You can expect PPO plans to require you to pay an annual deductible before the insurance company begins paying its portion for most services. Additionally, you may also have a co-pay (according to eHealth surveys, co-pays are usually around $10-$30) or coinsurance that you have to pay for certain health care services.
A PPO plan may be the right ACA plan for you if:
- You want to freedom to choose almost any medical facility or provider for your needs
- You want some coverage if you choose to go out-of-network
- You don’t want to have to receive a referral first from your primary care provider in order to see a specialist
HMO (Health Maintenance Organization Plans)
HMO, or Health Maintenance Organization, plans offer a wide range of healthcare services through a network of providers who agree to supply these services to members. You’re likely to have coverage for a broad range of preventative healthcare services than you would through another plan.
As of 2018, HMOs have emerged as the most popular ACA plan among eHealth customers. According to a recent study, 53% of shoppers selected an HMO plan in 2017.
You will be required to choose a primary care physician (PCP) who will take care of most of your health care needs. Your PCP will need to refer you to a specialist if you decide you need to consult with one.
While HMOs typically have lower out of pocket costs, you may be required to pay a deductible before your HMO begins paying its portion for covered health services. Your copays will likely be reasonable, and for services such as doctor office visits, you may pay a copayment of $20 – $35 and the HMO will pay the rest of the eligible charge. No deductible may apply to the doctor visit. Keep in mind that with an HMO you will likely have no coverage for non-emergency care you receive out-of-network or for services you receive without a proper referral from your PCP.
A HMO plan may be the right ACA plan for you if:
- You’re shopping for an ACA plan with a low monthly premium
- You want an ACA plan with little or no deductible
- Your typical care is preventative care services
POS (Point of Service Plans)
A Point of Service Plan, or POS, has some qualities of an HMO and PPO with benefit levels depending on if you receive care in or out-of-network. You can think of a POS plan as a HMO/PPO hybrid.
Similar to an HMO plan, with a POS plan you will have to designate a PCP who will make referrals to in-network specialists when you require it. Typically services received through your PCP are typically not subject to a deductible. Preventive care services are covered at the PCP office visit copayment.
Similar to a PPO plan, you may receive care from providers who are out of your provider network, but your out-of-pocket costs will be greater. You will likely pay a higher co-pay, coinsurance, or deductible for out-of-network services than applies to in-network services.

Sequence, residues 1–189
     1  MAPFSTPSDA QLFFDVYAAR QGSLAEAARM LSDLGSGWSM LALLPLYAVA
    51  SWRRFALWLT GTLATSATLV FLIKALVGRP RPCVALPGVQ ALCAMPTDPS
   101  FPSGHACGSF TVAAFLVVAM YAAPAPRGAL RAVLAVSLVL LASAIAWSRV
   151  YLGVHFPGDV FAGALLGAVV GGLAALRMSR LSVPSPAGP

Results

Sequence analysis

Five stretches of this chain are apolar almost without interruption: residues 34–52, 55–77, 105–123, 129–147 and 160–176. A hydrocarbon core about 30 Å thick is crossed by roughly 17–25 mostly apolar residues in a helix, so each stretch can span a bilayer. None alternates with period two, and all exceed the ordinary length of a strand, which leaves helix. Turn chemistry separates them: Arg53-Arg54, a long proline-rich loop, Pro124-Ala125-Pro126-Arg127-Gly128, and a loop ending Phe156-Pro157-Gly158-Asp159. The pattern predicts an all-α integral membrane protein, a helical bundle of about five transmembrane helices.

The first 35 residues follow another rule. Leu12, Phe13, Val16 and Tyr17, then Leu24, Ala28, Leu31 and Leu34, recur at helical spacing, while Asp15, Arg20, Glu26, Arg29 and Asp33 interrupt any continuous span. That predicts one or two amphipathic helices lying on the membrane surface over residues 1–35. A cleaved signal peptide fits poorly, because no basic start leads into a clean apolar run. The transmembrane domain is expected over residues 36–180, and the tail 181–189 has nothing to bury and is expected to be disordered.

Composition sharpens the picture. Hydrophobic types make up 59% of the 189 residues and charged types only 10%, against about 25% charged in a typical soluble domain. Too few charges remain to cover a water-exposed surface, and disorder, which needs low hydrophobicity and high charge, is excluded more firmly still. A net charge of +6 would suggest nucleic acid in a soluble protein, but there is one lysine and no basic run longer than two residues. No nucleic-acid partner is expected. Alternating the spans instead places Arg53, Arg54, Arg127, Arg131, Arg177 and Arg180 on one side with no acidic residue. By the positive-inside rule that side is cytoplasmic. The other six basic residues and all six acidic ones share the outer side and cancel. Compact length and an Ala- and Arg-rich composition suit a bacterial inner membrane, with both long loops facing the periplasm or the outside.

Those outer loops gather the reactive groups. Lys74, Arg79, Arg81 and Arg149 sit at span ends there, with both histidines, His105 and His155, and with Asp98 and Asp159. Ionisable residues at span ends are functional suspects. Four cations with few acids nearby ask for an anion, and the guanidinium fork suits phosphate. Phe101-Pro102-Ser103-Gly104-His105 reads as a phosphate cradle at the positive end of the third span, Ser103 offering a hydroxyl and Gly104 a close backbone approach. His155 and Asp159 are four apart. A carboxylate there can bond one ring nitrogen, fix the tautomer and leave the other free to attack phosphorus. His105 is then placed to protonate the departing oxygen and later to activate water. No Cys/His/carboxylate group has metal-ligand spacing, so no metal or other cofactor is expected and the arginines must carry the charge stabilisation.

A POS plan may be the right ACA plan for you if:
- You are willing to coordinate your care through your designated primary care physician
- Your preferred doctor participates within the plan network
EPOs (Exclusive Provider Organization Plans)
With an Exclusive Provider Organization plan, or EPO, you exclusively use the healthcare providers – this includes doctors, specialists, and hospitals – within the plan network. You don’t need a referral, but if you pay the full medical bill if you out outside the plan’s provider network for non-emergent care that the plan hasn’t authorized coverage before you receive it.
An EPO plan may be the right ACA plan for you if:
- You do not want to have to get a referral to see a specialist
- Your preferred providers are in-network
- You want to receive a lower monthly premium than what you would typically get with an HMO or a PPO plan
You can start shopping for a health insurance plan that fits your budgetary and coverage needs at any point in the year. However, you can only enroll in an ACA-compliant plan during the annual open enrollment period – which runs from November 1stthrough December 15th in most states – or during a special enrollment period.
eHealth’s intuitive site and license health insurance agents can help you compare your health insurance plan options to find the plan that suits you best. Visit our Individual & Family health insurance page today to see the ACA compliant plans that are available.
How to pick a health insurance plan: Health insurance plan & network types: HMOs, PPOs, and more. Centers for Medicare & Medicaid Services. at https://www.healthcare.gov/choose-a-plan/plan-types/